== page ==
I’ve been thinking about the responses to the ADA’s misguided classification of obesity as a disease, and in retrospect I am really concerned that, at least in my own work on the subject, I didn’t do a good enough job making sure that I didn’t stigmatize people who are living with a disease. I’m concerned that when I say “my body size does not constitute a disease,” people who are living with actual diseases might hear “I don’t want to be like you” or “I think that being diagnosed with a disease is shameful.” Today I wanted to both apologize to anyone who may have been stigmatized by work, and attempt to clarify my concerns. (Note: There are plenty of conversations to have about disease theory in general, but for this blog I’ll discuss diseases within the context of how they are currently treated by Western Medicine.)
Let me start here. There should be absolutely no shame in having a disease. None. It does not matter what disease someone has, they should never be shamed for it. I advocate for nothing less than shame-free, blame-free, future-oriented healthcare. It does not matter why someone has a disease, it matters what happens moving forward. We can never change the past so after a diagnosis it’s all about options and choices, not blame or shame. People who are diagnosed with a disease should be given true information, all of their options, and compassionate care on their terms based on their choices. There is no shame in being diagnosed or living with a disease and I am extremely sorry that I didn’t do a good enough job saying that in my blogs on the subject. I fucked up and I’m sorry.
To clarify, my concerns with obesity being classified as a disease center primarily around the fact that the sole diagnostic tool, and the sole measure of treatment progress, for the “disease” of “obesity” is a simple ratio of weight and height. So when fat people go to the doctor for actual diseases I am concerned that they will be diagnosed with “obesity” as the primary disease and their healthcare provider will prescribe weight loss in lieu of actual health interventions that are proven to help the disease they actually have. For example, if a patient goes to the doctor for Type 2 diabetes, they doctor might consider the T2D to be a symptom of, or secondary diagnosis to, the “obesity” diagnosis and suggest that they ignore interventions that are shown to help control T2D in lieu of attempting weight loss. This is a dangerous practice that is already happening (I was once prescribed weight loss for strep throat), and I’m afraid that the ADA’s decision will lend legitimacy to the practice.)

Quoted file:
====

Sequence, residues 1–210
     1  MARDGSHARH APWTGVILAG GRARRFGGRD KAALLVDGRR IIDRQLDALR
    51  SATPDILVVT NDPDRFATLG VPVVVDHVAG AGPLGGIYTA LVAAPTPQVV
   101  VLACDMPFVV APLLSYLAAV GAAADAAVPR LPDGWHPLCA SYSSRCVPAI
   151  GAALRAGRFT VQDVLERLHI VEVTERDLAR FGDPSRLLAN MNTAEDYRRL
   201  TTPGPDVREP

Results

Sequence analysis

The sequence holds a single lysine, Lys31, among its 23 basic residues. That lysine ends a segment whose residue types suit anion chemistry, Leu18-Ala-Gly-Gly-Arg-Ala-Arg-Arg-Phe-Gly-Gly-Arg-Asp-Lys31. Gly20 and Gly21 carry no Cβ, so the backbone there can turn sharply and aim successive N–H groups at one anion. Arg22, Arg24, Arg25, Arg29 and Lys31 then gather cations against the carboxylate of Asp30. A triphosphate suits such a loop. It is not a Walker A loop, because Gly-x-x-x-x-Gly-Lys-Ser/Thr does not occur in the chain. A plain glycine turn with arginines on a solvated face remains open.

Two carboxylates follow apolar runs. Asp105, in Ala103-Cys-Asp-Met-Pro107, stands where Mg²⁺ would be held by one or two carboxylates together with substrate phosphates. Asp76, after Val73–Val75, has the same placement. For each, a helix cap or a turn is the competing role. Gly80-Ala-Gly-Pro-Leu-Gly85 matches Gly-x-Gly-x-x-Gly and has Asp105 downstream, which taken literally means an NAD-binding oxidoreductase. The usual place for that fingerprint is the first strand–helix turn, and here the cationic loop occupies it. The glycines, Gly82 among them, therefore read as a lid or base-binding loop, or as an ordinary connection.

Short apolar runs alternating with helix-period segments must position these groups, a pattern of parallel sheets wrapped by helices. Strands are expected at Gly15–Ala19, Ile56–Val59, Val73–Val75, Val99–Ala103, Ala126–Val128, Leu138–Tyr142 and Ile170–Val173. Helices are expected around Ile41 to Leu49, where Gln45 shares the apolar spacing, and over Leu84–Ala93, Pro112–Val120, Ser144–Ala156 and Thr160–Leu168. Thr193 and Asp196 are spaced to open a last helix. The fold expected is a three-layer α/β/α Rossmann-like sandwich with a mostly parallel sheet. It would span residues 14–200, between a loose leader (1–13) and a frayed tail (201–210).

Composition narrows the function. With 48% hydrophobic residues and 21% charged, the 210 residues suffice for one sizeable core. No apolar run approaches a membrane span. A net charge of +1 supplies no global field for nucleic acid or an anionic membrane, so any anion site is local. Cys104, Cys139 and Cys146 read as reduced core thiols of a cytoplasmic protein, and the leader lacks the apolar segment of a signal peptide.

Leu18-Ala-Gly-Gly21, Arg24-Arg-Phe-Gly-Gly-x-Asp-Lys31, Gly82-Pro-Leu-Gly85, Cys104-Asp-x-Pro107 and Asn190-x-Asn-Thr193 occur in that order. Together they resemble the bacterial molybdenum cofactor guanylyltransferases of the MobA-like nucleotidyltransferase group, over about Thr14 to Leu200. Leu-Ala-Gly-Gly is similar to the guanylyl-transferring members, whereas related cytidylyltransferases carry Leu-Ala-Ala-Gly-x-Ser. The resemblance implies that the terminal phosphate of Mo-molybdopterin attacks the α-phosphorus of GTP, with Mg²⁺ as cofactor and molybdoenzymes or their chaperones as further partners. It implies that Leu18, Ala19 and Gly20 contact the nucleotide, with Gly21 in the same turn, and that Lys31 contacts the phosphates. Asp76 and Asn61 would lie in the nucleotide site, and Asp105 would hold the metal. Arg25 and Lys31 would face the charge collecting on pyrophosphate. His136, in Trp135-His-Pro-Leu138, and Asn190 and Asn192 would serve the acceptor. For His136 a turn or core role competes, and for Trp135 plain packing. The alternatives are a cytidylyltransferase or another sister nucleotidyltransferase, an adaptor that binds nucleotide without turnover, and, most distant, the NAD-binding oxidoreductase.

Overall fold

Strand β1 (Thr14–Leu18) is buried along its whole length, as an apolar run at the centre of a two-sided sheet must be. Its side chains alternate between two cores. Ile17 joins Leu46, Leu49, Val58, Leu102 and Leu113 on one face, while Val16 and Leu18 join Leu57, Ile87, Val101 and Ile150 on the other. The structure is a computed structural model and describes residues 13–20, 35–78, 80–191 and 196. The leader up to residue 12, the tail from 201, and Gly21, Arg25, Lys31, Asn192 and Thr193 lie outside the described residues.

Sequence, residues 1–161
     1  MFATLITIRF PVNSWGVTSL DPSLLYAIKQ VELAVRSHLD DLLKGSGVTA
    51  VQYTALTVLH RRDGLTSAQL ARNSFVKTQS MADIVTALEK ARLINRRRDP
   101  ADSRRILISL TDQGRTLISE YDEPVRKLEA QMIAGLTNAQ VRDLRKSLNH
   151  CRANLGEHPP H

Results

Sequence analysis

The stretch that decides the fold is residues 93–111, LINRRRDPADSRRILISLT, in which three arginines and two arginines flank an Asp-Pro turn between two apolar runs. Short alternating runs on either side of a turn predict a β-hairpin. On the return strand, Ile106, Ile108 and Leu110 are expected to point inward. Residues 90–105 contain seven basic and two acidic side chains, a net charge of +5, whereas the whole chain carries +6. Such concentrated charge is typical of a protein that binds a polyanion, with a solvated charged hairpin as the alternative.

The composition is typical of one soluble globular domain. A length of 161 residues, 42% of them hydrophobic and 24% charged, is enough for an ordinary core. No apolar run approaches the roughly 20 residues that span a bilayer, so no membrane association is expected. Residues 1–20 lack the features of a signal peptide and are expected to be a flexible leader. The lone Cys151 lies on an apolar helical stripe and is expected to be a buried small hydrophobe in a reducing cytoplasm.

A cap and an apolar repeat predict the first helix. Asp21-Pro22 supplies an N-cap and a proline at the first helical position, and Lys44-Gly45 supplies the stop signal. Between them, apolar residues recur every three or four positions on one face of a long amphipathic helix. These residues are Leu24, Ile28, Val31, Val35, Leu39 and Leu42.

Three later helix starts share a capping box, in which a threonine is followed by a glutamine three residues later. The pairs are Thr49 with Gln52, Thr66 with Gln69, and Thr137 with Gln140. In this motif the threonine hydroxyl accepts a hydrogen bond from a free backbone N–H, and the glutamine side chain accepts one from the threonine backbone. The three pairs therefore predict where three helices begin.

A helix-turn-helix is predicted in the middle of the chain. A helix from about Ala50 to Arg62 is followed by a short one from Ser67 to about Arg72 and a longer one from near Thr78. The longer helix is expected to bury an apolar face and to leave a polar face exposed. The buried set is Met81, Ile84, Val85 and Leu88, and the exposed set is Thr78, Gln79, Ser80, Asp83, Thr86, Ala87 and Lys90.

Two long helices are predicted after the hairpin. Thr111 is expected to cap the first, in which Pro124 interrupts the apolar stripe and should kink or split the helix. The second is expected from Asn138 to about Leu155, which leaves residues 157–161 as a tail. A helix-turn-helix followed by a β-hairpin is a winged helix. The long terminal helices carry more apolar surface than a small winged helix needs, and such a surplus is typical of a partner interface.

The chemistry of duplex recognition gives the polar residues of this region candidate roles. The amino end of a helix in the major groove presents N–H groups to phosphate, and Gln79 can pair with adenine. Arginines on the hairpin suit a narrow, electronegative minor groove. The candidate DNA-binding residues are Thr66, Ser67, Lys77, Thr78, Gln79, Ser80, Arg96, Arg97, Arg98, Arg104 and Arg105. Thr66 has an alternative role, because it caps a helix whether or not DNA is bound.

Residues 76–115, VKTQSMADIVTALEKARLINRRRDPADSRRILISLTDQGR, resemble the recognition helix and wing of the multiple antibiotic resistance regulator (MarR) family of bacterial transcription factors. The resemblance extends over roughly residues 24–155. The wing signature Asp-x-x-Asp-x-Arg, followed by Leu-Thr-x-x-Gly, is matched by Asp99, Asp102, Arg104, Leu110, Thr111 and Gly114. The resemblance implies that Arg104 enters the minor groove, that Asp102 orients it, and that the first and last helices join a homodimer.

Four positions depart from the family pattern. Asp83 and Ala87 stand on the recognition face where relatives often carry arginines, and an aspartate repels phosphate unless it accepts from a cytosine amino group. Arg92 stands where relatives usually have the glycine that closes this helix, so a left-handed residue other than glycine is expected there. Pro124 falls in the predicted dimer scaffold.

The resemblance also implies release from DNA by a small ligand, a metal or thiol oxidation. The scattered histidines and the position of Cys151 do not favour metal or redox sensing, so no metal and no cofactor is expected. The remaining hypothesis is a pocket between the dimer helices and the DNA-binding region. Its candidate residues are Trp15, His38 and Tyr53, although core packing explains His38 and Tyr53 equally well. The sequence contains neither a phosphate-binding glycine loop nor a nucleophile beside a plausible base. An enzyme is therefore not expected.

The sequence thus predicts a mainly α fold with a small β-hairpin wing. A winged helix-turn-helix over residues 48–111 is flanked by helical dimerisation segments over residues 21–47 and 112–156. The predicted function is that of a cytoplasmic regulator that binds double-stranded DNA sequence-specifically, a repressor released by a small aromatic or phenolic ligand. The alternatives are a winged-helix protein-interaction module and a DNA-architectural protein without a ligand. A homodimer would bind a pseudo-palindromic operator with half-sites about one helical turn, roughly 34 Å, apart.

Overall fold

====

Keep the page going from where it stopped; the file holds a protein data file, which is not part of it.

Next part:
The major problem with that is that there is not a single study where more than a tiny fraction of participants have succeeded at long term weight loss, and there are certainly no studies where more than a teeny tiny fraction of participants lost enough weight to change their BMI longterm. Often “success” in a weight loss study is defined as 5% of body weight, or any weight loss at all (which for many fat people doesn’t create a shift in BMI which, remember, is the sole diagnostic tool and the sole measure of “progress” in treatment.) Almost everyone loses weight in the short term and almost everyone regains the weight in the longterm and while they are busy not succeeding at long-term weight loss (which shouldn’t be a surprise since it’s exactly what the research tells us will happen) their actual health issues may go untreated.
The diseases correlated with being fat are not actually fat people diseases. Thin people get them too and, when they do, they are given treatments that are shown to treat the actual disease. My concern is that fat people’s medical treatment will be compromised because they will receive different care than thin people who have the same diagnosis simply because of their size, again this is a dangerous process that is already happening and that I feel will be exacerbated by the AMA’s poor choice.
I also feel that calling body size a disease risks putting a very finite pot of research money to very poor use. The AMA’s bad decision gave 30% of Americans a disease, and I am concerned that the diet and pharmaceutical companies will jump on this to say that the sheer volume of people with the “disease” justifies spending a ton of money on weight loss interventions. My concern here is that funding will be pulled from actual diseases and put toward weight loss research on the basis of the “prevalence” of this disease, which would be a crime against humanity as far as I’m concerned.
I hope that makes things a bit more clear, and I am reminded that activism requires constant vigilance to make sure that we’re not trying to solve one injustice at the expense of creating another.
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